Print page

Corruption in Public Administration

An Ethnographic Approach Edited by Davide Torsello, Professor of Anthropology and Director of the Center for Integrity in Business and Government, CEU Business School, Hungary
Despite the growth in literature on political corruption, contributions from field research are still exiguous. This book provides a timely and much needed addition to current research, bridging the gap and providing an innovative approach to the study of corruption and integrity in public administration.
Extent: 272 pp
Hardback Price: $125.00 Web: $112.50
Publication Date: 2016
ISBN: 978 1 78536 258 3
Availability: In Stock
$0.00

Buy the E-Book @ paperback price

Join our mailing list

  • Politics and Public Policy
  • Public Administration and Management
  • Public Policy
Despite the growth in literature on political corruption, contributions from field research are still exiguous. This book provides a timely and much needed addition to current research, bridging the gap and providing an innovative approach to the study of corruption and integrity in public administration.

The volume contributors provide insights from eight different countries, all drawing on extensive fieldwork data and following ethnographic methodologies. The topics discussed in this book include: the role of anti-corruption legislation; organizational change and integrity; party corruption; socio-cultural dimensions of corruption; gift-exchange; and clientelism. Analyzing these topics comparatively, the volume concludes that in countries where public perception of corruption is high, citizens are well aware of the generalized damage of these practices and the loss of trust they cause for public administrations. On the other hand, corruption in public administration takes place following patterns that mirror some of the fundamental social and cultural features that characterize interactions among citizens and institutions.

Scholars and students from fields including public policy, public administration, sociology and anthropology will find this book to be of use to their research and studies. It will also be of interest to policy makers internationally and public sector practitioners.
‘Torsello’s book has two core strengths: (1) it represents a holistic take on the concept of corruption including socio-cultural dimensions, which helps broaden our understanding of its devastating effects; and 2) it compliments existing quantitative studies on corruption and makes an important contribution to the understanding of what civil servants view as corrupt practices as well as practices not deemed corrupt. The book provides a range of interesting practical policy solutions (especially in the area of gift-exchange) that are worth examining in more detail through further research and experimentation. It is a valuable addition to the literature of public corruption and presents an important resource for students, practitioners and scholars of public services globally.’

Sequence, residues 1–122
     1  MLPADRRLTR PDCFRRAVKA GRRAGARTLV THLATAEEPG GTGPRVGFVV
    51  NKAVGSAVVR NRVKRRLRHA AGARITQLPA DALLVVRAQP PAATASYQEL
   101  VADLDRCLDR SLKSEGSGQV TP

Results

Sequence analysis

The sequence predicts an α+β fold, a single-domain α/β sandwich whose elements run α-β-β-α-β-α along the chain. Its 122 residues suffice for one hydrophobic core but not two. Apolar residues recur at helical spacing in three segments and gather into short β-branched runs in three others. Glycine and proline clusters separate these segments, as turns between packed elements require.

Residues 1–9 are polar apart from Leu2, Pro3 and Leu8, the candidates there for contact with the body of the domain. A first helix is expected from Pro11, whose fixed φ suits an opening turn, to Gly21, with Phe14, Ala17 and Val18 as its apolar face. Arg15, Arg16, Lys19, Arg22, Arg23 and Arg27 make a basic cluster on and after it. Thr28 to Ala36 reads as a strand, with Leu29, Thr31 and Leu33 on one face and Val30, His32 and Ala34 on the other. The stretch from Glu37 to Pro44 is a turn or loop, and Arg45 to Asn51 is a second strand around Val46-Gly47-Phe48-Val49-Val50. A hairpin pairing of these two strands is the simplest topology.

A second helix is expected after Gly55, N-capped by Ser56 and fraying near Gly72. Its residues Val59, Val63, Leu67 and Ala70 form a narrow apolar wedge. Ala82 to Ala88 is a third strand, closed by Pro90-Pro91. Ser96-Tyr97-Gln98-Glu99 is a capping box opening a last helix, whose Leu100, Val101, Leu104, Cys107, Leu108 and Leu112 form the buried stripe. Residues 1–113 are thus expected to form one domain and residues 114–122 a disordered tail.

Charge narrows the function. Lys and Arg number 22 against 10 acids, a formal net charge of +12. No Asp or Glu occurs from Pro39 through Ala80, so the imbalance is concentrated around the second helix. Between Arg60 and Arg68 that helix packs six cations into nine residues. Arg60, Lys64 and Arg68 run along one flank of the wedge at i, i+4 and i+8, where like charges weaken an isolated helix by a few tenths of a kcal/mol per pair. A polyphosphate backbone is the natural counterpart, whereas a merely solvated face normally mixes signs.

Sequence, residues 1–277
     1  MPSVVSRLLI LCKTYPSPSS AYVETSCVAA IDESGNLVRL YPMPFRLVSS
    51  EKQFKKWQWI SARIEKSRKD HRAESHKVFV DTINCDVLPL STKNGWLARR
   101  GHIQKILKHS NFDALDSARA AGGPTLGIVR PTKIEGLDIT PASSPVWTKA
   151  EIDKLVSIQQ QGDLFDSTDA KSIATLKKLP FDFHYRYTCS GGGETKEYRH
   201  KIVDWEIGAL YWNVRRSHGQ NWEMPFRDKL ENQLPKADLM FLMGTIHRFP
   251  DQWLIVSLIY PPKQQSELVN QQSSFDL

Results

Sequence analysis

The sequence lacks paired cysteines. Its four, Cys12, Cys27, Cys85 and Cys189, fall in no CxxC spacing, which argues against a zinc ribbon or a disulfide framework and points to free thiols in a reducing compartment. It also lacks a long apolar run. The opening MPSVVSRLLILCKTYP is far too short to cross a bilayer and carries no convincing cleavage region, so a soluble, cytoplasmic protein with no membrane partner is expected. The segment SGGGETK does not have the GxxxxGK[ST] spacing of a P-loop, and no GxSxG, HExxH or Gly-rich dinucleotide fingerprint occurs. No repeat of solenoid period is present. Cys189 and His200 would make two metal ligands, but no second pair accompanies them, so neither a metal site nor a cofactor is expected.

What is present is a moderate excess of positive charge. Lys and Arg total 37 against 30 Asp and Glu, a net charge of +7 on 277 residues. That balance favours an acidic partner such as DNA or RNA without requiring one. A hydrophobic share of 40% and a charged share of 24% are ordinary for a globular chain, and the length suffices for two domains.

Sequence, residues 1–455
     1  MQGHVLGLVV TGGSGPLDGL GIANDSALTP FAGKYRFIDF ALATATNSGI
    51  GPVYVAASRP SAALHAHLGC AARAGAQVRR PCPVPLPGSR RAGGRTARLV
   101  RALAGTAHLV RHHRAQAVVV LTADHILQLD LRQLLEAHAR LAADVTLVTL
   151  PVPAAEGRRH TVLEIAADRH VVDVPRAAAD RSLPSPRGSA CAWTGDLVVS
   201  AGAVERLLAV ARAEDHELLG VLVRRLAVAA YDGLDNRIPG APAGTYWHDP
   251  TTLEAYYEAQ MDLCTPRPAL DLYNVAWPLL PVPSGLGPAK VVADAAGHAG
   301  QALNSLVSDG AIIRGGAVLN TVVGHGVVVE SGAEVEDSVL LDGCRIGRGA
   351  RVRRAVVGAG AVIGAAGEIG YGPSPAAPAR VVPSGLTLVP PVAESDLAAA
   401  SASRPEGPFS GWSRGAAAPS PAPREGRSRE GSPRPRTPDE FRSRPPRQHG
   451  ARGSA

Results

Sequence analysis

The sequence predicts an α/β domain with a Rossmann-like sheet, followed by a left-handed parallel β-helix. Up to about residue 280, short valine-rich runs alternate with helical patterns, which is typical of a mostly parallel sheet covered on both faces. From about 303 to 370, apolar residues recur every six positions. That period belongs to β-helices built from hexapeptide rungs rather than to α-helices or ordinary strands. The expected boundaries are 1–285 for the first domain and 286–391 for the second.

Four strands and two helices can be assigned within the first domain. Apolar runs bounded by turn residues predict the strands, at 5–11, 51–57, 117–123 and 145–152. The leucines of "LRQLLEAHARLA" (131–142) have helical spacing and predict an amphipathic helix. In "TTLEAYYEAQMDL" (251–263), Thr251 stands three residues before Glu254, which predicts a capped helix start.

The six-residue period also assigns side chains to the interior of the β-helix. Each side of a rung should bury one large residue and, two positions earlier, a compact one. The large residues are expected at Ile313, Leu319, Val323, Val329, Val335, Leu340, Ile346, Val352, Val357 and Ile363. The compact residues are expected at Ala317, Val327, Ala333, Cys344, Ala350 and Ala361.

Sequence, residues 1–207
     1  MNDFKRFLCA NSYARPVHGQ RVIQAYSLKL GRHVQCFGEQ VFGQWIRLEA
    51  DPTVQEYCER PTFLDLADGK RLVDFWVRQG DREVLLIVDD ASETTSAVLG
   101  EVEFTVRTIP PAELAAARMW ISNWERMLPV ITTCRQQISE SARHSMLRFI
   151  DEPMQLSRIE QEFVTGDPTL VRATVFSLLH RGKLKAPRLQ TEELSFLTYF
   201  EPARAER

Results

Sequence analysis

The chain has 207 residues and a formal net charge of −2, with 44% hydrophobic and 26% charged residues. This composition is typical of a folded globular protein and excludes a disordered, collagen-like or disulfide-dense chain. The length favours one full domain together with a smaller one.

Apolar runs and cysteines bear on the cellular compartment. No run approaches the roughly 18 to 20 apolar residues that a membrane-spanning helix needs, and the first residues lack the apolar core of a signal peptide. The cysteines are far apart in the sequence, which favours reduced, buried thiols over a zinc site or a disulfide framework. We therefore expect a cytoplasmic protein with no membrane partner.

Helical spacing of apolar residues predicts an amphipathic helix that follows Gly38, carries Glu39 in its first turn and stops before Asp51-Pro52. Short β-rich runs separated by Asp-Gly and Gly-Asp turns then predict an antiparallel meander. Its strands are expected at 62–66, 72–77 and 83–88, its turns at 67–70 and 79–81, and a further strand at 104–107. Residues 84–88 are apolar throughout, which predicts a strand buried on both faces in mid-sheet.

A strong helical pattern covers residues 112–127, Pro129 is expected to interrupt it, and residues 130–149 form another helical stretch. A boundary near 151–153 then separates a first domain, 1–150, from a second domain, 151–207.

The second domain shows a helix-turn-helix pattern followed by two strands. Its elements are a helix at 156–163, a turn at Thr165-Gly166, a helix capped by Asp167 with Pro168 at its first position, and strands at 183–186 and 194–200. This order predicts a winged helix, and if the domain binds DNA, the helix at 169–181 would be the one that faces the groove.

– Thom Reilly, International Review of Public Administration​

‘Amidst the seemingly never-ending stream of volumes being published on corruption, it is rare to come across one that has something genuinely new to contribute to the debate about how to understand and combat it. Yet, Davide Torsello has done precisely that in assembling this important collection of chapters that explore administrative corruption from an ethnographic, rather than a technocratic, perspective. With chapters on countries as diverse as Bosnia, Hungary, Italy, Kosovo, Mexico, Russia, Tanzania and Turkey, this new collection offers fascinating insights into how the everyday reality of corruption is experienced and understood, helping to explain why abstract models based on assumptions about human motivation offer poor guides to effective anti-corruption action. With a particular focus on the meaning of public and private goods, and the nature of gift-exchange in different cultures, the volume offers practical guidelines for policy makers in regard to improving practices in public administration.’
– Paul M. Heywood, University of Nottingham, UK
Contributors: M. Acar, C. Baez Camargo, E. Denisova-Schmidt, Z.T. Lofranco, N. Luci, M.G. Pezzi, R.M. Rivera, R.F Sambaiga, D. Torsello




Contents:

Introduction: The Anthropology of Corruption
Davide Torsello

1. The Role of the Anti-Corruption Legislation and of Ethical Values in (Re)Defining Corruption: The Case of Monza, Italy
Maria Giulia Pezzi

2. Culture, Organizational Change and the Bounded Morality in the Hungarian Public Administration
Davide Torsello

3. Party Corruption in the Bosnia and Herzegovina Public Employment System: Public Discourse, Legal and Moral Legitimation
Zaira Tiziana Lofranco

4. Academic Dishonesty or Corrupt Values: The Case of Russia
Elena Denisova-Schmidt

5. The Making of Citizenship Against Corruption in Kosovo: Protest, Lies, and the Public Good
Nita Luci

6. Socio-Cultural Dimensions of Corruption in Turkish Public Administration
Muhittin Acar

7. Old Regime Habits Die Hard: Clientelism, Patronage and the Challenges to Overcoming Corruption in Post-Authoritarian Mexico
Claudia Baez Camargo and Rodrigo Megchún Rivera

8. Between Condemnation and Resignation: A Study on Attitudes Towards Corruption in the Public Health Sector in Tanzania
Claudia Baez Camargo and Richard Faustine Sambaiga

Conclusion
Davide Torsello

Index